Depending on what kind of e-juice you want, you’ll need to adjust the number of your ingredients as well as the process itself. While it will be some trial and error for you to figure out what really floats your boat, here are a few tips and tricks to help you get started on the right foot:

Always note down every single measurement and every single step you took to make your ejuice. Make sure you don’t skip any details, no matter how small or insignificant it may seem. It often happens that people make great tasting e-liquids, but can never replicate it because they don't remember the exact ratios of the ingredients or the exact steps that they took.
If you like bigger, thicker vapor clouds or want to enjoy sub-ohm vaping, add more VG (for instance use 80/20 VG/PG ratio)

If you want a more intense throat hit or prefer stealth vaping, add more PG
Don't make e-juices in huge amounts as you could end up wasting a lot of money in case your e-juice doesn’t taste good. Likewise, you don’t want to get stuck on vaping something that taste bad. Also, don't go for very small amounts as using ingredients in small amounts leave you a very little margin of error and even the tiniest of variations can have a considerable impact on the overall e-juice.
Using too much nicotine can be toxic. Use caution when handling nicotine and make sure that it is always out of reach of children and pets.

Remember, nicotine is almost always listed in a number of milligrams per millimeter of the liquid. It means that if you have a 20ml bottle of 18mg nicotine, it will have (20*18) 360mg of nicotine. In other words, 18mg is not the total amount of nicotine in the bottle but rather it is the amount per milliliter.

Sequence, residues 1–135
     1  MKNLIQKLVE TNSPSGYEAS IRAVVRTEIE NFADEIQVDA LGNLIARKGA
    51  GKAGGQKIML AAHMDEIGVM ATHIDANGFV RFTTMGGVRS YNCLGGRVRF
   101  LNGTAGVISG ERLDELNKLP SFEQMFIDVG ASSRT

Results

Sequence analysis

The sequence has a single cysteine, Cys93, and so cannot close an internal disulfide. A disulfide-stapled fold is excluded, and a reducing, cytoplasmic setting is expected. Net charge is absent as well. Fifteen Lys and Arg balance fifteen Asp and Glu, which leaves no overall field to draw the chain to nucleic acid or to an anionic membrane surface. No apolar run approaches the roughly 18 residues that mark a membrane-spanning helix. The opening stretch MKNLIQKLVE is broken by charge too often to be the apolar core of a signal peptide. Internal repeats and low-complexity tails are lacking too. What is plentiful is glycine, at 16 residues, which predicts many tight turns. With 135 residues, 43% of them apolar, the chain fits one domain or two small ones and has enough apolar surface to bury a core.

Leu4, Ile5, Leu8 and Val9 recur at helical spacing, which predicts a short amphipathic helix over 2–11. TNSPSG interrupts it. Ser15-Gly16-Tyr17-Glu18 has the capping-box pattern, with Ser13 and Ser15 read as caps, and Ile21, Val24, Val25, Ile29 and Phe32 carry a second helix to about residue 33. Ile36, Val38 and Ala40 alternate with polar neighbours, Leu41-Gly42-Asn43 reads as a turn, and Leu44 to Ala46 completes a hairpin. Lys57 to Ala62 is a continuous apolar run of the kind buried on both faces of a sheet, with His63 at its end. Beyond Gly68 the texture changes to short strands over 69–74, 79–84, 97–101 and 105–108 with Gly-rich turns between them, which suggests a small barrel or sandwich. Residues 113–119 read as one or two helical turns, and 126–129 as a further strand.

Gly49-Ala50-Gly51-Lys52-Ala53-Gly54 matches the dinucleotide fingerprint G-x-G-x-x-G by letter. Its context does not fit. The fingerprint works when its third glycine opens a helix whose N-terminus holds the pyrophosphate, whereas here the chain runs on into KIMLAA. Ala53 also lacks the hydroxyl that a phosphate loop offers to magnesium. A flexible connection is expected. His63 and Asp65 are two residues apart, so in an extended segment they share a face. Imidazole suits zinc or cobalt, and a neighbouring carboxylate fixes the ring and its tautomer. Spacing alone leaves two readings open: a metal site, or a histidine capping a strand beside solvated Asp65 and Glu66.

Experiment with different ingredient ratios, play around with your steeping, and most importantly have fun. And if you do end up making a great-tasting e-juice, share the recipe as well as the juice with your friends to help them keep from smoking.

Tuesday, May 24, 2016

Big Tobacco Asks FDA to Ban Tanks and Mods to Protect Public Health

Big Tobacco Asks FDA to Ban Tanks and Mods to Protect Public Health

If you didn’t think Big Tobacco companies could stoop any lower, get ready for a wake up call. This week we witnessed the ultimate hypocrisy as cigarette giant Reynolds American sent a 119-page document to the FDA, urging regulators to ban open-system electronic cigarettes. The reason? They are a threat to public health.
While Reynolds American reported $1.2 million in gross profits from their tobacco products last quarter, they are now suddenly concerned about America’s health. This newfound worry for health is more than a little strange considering that the tobacco giant directly contributes to 5 million smoking-related deathseach year. Even so, Reynolds American isn’t too concerned about people smoking their Camel cigarettes, but they insist that vaping mods are simply too risky.
Spokesman David Howard candidly spoke about the tobacco company’s petition to the FDA. “We believe the FDA should not allow such products to be sold or marketed,” he said. “We believe open system vapor products create unique public health risks.” At the same time, Howard failed to mention how the company’s own products are contributing to numerous fatalities.
“These (ecig) systems are highly subject to adulteration and tampering, they are manufactured largely overseas in facilities that would, as proposed, fall outside regulatory inspection and oversight, and many nicotine liquids are sold in non-child-resistant packaging in flavors that may be appealing to youth,” Howard said.
Anyone with knowledge of the tobacco industry has to wonder how the executives of Reynolds American can sleep at night after making such remarks. How many of their cigarette packs are made with child-resistant packaging? How often does their notable mascot “Joe the Camel” appeal to youth?
In reality, Reynolds is more concerned with the risk to their bottom line than the actual health of Americans. Gregory Conley, president of the American Vaping Association, summed it up quite nicely: “RJ Reynolds calls for the FDA to ban the majority of e-cigarette products should be seen fro what it really is – an admission that it simply cannot compete in the current e-cigarette market,” he said. “Recent market reports show that while sales of open-system e-cigarette products and e-liquid are booming, sales of closed-system cigarette lookalikes – the kind that Reynolds sells – have stagnated.”
There is no denying that Reynolds is looking closely at the ecig market with the recent gradual launch of its own ecig called Vuse. Reynolds executive Susan Cameron said Vuse would be a “game changer” for the ecig industry. She claimed that many smokers weren’t satisfied with today’s standard cig-a-like models and that is why many turn to tank style devices.